I think the far bigger problem will be that it won't really be that bad for the next 50 years, leading to complacency, and we will hit the point of no return before we really feel much impact in the richer western countries.
The 18 month stat is a mashup of two totally different deadlines. First, that we need strong emissions commitments by 2020, which is not a meteorological deadline but a political one: UN meeting schedules and the Paris Agreement call for strengthened emissions plans by 2020, so failing to act by then implies an overall lack of political will. Second, the IPCC report that CO2 emissions need to peak by 2020 to keep warming below 1.5 C by 2100. That's important and hard to reach, but "peak" is not "become net negative" and >1.5C is not "doomed".
The 12 year stat is basically backwards - confusing an emissions deadline with a temperature peak. The IPCC finding is that we'll reach 1.5 C of total post-1975 warming between 2030 and 2050, and that major emissions cuts by 2030 (and net-zero by 2050) could limit warming to 1.5C. The worst case described was 3C by 2100, not 2030, and harms arriving some time after their "locked in" warming thresholds.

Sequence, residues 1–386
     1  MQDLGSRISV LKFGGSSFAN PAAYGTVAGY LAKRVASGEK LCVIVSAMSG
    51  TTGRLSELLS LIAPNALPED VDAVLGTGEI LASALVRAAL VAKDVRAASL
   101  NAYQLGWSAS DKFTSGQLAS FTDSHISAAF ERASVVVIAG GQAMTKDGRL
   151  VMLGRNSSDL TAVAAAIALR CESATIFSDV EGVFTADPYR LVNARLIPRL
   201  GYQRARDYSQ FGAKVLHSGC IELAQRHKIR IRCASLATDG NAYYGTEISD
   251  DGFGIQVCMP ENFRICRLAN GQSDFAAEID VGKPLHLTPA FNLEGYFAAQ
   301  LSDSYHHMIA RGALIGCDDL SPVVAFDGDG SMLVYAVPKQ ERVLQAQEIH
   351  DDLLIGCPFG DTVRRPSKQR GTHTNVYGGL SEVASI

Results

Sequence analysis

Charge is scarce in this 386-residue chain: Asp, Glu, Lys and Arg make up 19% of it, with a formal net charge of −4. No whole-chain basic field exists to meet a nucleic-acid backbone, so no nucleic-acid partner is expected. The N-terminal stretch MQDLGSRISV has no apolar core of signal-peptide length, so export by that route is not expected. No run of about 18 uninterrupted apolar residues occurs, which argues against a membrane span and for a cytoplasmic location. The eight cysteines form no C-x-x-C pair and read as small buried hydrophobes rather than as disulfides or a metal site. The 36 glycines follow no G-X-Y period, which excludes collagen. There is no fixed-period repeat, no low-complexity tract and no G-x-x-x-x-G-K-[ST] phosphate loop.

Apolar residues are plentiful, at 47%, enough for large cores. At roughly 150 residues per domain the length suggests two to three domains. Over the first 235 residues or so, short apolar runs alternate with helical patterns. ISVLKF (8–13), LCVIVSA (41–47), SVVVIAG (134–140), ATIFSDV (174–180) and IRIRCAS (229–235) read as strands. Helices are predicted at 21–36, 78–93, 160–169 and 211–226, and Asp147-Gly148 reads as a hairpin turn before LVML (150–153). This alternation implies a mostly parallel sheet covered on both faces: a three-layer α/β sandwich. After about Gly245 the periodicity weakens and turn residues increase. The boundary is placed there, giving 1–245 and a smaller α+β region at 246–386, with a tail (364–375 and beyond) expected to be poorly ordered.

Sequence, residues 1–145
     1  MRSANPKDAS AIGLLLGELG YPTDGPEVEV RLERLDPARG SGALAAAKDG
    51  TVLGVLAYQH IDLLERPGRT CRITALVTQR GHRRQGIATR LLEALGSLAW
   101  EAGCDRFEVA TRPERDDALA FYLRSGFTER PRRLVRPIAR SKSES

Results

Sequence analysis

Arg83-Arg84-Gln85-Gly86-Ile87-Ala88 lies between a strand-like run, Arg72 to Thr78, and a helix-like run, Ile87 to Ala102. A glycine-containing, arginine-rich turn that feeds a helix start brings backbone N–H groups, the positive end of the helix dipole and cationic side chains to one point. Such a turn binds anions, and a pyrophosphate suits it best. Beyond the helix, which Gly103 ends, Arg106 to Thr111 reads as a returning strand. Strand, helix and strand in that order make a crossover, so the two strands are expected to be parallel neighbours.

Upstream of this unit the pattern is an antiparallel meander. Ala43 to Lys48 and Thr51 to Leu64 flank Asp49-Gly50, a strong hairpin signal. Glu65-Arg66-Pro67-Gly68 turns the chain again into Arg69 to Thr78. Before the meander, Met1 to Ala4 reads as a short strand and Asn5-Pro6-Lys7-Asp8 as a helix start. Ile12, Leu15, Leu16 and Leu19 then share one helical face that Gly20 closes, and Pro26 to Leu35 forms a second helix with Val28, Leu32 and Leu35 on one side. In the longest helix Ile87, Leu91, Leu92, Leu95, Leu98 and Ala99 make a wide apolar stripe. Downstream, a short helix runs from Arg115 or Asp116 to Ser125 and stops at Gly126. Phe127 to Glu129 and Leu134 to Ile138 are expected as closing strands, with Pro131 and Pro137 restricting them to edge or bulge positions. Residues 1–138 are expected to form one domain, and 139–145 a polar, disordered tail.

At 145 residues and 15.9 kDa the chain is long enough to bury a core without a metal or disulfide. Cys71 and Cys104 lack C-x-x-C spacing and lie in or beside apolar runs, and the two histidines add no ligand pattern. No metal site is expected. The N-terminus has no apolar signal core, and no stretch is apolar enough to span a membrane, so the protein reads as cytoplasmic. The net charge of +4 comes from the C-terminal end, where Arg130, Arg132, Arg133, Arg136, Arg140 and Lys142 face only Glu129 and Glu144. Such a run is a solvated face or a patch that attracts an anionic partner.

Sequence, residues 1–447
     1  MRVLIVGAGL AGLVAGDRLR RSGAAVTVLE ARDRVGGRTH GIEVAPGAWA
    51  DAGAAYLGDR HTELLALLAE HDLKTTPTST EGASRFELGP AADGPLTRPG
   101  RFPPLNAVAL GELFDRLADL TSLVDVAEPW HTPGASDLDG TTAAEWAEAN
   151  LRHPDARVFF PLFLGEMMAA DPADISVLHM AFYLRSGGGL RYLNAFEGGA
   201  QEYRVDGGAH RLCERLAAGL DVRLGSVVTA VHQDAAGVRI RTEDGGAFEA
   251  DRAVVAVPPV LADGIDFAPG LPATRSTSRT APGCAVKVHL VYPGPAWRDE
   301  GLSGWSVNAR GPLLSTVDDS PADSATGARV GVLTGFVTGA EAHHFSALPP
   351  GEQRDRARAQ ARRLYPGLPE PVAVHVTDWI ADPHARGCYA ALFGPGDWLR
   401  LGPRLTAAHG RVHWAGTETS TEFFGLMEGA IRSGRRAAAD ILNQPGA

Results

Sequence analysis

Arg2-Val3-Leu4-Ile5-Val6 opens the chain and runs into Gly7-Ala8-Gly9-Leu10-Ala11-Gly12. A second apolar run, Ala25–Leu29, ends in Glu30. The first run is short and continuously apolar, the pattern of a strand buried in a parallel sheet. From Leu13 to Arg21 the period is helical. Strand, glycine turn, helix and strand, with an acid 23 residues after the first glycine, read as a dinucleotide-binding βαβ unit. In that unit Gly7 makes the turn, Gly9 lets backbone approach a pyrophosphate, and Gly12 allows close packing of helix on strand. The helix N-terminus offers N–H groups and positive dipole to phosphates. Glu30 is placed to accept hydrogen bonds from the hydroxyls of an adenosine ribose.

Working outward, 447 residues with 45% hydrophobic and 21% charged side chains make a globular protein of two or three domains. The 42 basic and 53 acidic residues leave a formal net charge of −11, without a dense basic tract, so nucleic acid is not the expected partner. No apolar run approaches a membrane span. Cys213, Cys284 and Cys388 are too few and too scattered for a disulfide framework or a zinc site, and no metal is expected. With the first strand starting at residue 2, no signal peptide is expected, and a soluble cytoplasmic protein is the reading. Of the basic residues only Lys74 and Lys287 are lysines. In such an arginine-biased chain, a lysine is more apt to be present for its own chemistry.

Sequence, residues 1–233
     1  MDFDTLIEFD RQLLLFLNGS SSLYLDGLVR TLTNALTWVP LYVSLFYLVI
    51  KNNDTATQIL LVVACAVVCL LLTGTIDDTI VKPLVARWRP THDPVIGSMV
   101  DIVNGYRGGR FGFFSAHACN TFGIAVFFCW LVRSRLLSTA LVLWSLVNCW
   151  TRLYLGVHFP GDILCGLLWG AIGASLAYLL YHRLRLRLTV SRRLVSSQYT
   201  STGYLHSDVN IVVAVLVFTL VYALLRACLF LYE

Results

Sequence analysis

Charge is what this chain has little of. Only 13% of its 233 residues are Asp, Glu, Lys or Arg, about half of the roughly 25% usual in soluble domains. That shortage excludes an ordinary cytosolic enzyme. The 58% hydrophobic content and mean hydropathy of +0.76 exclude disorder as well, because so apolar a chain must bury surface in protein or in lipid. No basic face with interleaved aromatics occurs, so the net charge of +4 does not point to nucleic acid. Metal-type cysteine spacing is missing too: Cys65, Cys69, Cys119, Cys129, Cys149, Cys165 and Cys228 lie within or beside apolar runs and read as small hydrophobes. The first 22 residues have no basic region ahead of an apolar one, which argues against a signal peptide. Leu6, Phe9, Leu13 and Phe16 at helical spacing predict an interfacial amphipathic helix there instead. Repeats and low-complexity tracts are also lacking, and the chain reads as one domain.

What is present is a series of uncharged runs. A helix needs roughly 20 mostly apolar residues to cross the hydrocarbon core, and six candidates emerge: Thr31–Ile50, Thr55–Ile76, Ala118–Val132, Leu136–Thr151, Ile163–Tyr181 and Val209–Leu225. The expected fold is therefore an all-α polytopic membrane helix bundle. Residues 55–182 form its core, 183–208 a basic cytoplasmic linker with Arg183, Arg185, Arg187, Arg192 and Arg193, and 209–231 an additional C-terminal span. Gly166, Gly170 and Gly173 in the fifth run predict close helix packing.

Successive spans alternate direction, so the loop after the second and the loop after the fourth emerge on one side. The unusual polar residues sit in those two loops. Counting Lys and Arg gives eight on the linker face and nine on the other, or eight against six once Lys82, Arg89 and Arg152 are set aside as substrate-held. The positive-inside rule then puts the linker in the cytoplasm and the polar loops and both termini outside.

None of that means it's not a serious problem, or that rapid action isn't needed, but I'm really disturbed to see people predicting death and doom for what are actually emissions deadlines. It seems like an attempt to trick people into acting fast, but action that fast isn't actually possible. I think that instead we're going to get to the 2020s and be hearing "you said the world would end but things are still basically ok, you're full of shit, clearly we don't need to keep taking action".
This isn't necessarily validated by hard scientific evidence, but I have a suspicion that climate change is exacerbating conflict in the middle east. For one, heat is a known catalyst for violence. But also, as desertification takes effect, resources become constrained, creating conflict.
The US has a refugee crisis stemming directly from the loss of arable land in Central America, and Europe is suffering from one as a result of the a massive drought and the Arab Spring hitting Syria.
Effects of emissions take about 20-30 years to be seen, so today’s emissions are already locked in to be felt mid-century. That should help put the 1 degree C rise you mentioned in proper context.
So, yes, things are that gloomy. We need immediate, global efforts in a war-like sense to change our entire energy sector if we are to avert the worst of it, and of course we’re only headed faster and more headstrong in the opposite direction. It’s not incorrect to say that we’re most likely completely fucked, and that Gen Z will be the last generation to experience a peaceful planet.
We have hit the point of no return. The only options available to us right now are how to minimize the inevitable effects.